The UN Mission says that, in Bouar in Nana-Mambéré prefecture, peacekeepers and the armed forces pushed anti-Balaka and 3R fighters back during heavy fighting on Saturday. The situation remains tense in the city today, with nearly 4,000 people having taken refuge in the town’s cathedral. Peacekeepers are carrying out patrols to create secure conditions for humanitarian aid delivery.
In Grimari in Ouaka prefecture, the UN Mission and the armed forces also held back the advance of fighters from armed groups on Saturday.
The UN Mission stresses that the armed groups and their allies will be held responsible for humanitarian chaos caused by their attacks in Bouar and other areas, including their efforts to block supply routes. The Mission also notes the groups’ responsibility for the deaths of civilians, members of the defense and security forces, and peacekeepers. The Mission stressed that attacks on peacekeepers can be considered war crimes.
The UN Mission remains committed to carrying out its mandate to protect civilians and to secure the electoral process to support the Central African defense and security forces.

Turning to Afghanistan, our humanitarian colleagues tell us that, this year, the UN and humanitarian partners will seek $1.3 billion to assist almost 16 million people with life-saving aid. This is up from the target of 2.3 million people four years ago; it is a huge increase in people who need aid.
They say that ongoing conflict, natural disasters, chronic poverty and the COVID-19 pandemic continue to be a deadly combination for people in Afghanistan.
In 2021, nearly half of the population will need humanitarian assistance to survive. Food insecurity is soaring as people’s livelihoods were lost. Some 5.5 million people in Afghanistan are in emergency food insecurity phase, and it is projected that nearly one in two children under the age of five will face acute malnutrition this year.
With skyrocketing household debt, people’s survival depends on our ability to mobilize sufficient funds to deliver a well-coordinated response.

In Iraq, our Special Representative on the ground, Jeanine Hennis-Plasschaert, visited the Sinjar district yesterday to follow up on the implementation of a recent agreement between Baghdad and Erbil aimed at creating stability, security and better living conditions for its inhabitants. Her delegation stressed the need to do more – in unity and at a faster pace – to alleviate current hardships.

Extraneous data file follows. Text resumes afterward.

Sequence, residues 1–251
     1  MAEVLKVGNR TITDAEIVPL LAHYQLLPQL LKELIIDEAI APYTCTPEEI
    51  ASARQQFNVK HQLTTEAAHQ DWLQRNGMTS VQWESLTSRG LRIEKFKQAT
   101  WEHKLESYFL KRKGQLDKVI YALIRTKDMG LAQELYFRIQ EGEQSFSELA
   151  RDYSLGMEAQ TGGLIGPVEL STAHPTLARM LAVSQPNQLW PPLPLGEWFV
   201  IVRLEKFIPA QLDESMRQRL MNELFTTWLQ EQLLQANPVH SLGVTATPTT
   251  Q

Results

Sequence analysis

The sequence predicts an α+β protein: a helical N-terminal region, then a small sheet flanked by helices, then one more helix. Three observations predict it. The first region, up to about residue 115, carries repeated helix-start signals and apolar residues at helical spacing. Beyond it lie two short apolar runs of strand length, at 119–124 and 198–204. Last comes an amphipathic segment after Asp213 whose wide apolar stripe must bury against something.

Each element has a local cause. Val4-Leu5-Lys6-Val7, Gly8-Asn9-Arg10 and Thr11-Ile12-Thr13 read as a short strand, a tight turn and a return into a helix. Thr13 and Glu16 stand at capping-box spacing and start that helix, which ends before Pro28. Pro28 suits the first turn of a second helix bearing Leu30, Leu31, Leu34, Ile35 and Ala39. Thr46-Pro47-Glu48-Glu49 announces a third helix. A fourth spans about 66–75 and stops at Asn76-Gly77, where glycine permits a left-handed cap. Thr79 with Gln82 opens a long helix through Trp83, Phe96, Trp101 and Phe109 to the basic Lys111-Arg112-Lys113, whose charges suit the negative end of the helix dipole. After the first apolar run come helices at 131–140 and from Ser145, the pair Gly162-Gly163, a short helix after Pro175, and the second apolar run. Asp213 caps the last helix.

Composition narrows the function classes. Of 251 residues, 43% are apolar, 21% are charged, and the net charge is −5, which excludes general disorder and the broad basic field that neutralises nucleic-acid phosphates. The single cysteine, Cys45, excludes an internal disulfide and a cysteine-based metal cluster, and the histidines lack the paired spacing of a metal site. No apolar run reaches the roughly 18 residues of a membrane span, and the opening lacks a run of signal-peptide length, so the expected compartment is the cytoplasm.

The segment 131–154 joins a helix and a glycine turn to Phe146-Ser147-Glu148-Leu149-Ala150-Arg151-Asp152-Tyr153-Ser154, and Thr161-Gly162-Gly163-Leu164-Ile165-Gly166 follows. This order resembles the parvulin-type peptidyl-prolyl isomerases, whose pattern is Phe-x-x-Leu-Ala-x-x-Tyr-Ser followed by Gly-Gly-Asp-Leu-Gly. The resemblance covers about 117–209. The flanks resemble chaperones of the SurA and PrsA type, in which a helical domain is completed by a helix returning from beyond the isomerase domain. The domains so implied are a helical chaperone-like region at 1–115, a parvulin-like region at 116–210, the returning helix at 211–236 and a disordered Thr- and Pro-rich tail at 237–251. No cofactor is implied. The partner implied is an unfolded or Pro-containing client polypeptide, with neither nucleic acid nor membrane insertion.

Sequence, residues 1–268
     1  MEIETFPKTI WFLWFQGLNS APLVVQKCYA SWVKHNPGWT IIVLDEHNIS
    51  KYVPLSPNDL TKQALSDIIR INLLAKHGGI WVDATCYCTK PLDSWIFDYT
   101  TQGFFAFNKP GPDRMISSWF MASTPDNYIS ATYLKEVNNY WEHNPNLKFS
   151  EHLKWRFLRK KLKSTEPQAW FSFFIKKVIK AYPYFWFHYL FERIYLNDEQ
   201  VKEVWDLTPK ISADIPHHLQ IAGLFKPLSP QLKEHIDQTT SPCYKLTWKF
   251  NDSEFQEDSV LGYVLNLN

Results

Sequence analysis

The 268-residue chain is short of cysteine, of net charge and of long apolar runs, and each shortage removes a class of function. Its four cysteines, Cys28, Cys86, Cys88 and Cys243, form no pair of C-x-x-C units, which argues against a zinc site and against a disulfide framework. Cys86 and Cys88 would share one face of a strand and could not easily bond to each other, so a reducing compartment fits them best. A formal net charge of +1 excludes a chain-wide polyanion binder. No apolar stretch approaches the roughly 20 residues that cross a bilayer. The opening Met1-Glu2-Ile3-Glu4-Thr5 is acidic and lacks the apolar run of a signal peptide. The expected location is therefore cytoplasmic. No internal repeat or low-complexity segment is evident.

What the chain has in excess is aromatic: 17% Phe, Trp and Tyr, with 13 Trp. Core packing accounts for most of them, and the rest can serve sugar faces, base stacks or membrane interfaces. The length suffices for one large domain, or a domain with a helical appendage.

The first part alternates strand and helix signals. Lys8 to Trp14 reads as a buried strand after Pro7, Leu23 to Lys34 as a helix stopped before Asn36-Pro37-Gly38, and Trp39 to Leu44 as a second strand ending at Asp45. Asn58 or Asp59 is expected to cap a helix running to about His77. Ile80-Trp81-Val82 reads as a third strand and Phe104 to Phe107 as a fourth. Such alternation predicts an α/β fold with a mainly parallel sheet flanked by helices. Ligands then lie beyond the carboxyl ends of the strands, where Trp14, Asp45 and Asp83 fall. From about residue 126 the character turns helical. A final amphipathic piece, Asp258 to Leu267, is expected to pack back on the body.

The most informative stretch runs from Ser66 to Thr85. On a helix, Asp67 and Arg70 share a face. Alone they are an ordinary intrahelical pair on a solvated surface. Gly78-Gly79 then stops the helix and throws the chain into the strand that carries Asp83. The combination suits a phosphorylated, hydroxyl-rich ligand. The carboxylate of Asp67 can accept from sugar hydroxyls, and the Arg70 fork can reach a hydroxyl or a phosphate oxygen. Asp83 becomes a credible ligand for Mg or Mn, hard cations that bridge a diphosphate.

She said that what has been achieved so far could set the stage for a greater improvement in living conditions, but, to make this happen, all stakeholders will have to act in unity and solidarity.
In discussions with the visiting UN team, displaced Sinjaris voiced their concerns, requesting further assistance for the vulnerable local communities who recently returned from displaced camps.  

I want to say we welcome the announcement by the Presidency of Kazakhstan earlier this month that the country has ratified internally the Second Optional Protocol to the International Covenant on Civil and Political Rights, aiming at the abolition of the death penalty. The Secretary-General looks forward to receiving the formal instrument of ratification, as the ratification makes permanent the existing moratorium on state executions in Kazakhstan, which had been in place since 2003.
The Secretary-General reiterates his call for the universal ratification of the Second Optional Protocol to the International Covenant on Civil and Political Rights and encourages other countries that still use the death penalty to follow Kazakhstan’s example to abolish the death penalty or to introduce moratoria as a transition towards abolition.

It is my pleasure to announce that the 2020 Highlights of Security Council Practice is out. This year’s edition builds on the revamped version launched in 2019 and provides an overview of the work of the Security Council in 2020, a year marked by unprecedented challenges posed by the COVID-19 pandemic and the innovative solutions found in response to the changing circumstances.
As you know from past editions, the Highlights Paper, which is produced by our colleagues in the Security Council branch of the Department of Political and Peacekeeping Affairs, contains information about the practices of the Council relating to its meetings and videoconferences, items on its agenda, the decisions adopted and the voting patterns, as well as subsidiary bodies. It’s a rather helpful research tool.

The Secretary-General strongly condemns Friday’s suicide bombing perpetrated by a Boko Haram faction that killed at least 15 civilians, including children ranging from 3 to 14 years old. He was shocked to learn that a young girl was made to carry out this horrific attack.
The Secretary-General is alarmed by the level of violence against the civilian population in the Far-North region of Cameroon as well as other parts of the Lake Chad Basin. Nothing can justify such senseless and egregious attacks.
The United Nations remains steadfast in its support to the countries of the Lake Chad Basin in their efforts to overcome the scourge of terrorism and violent extremism and address the security, political, humanitarian, human rights, health and socio-economic challenges in the region.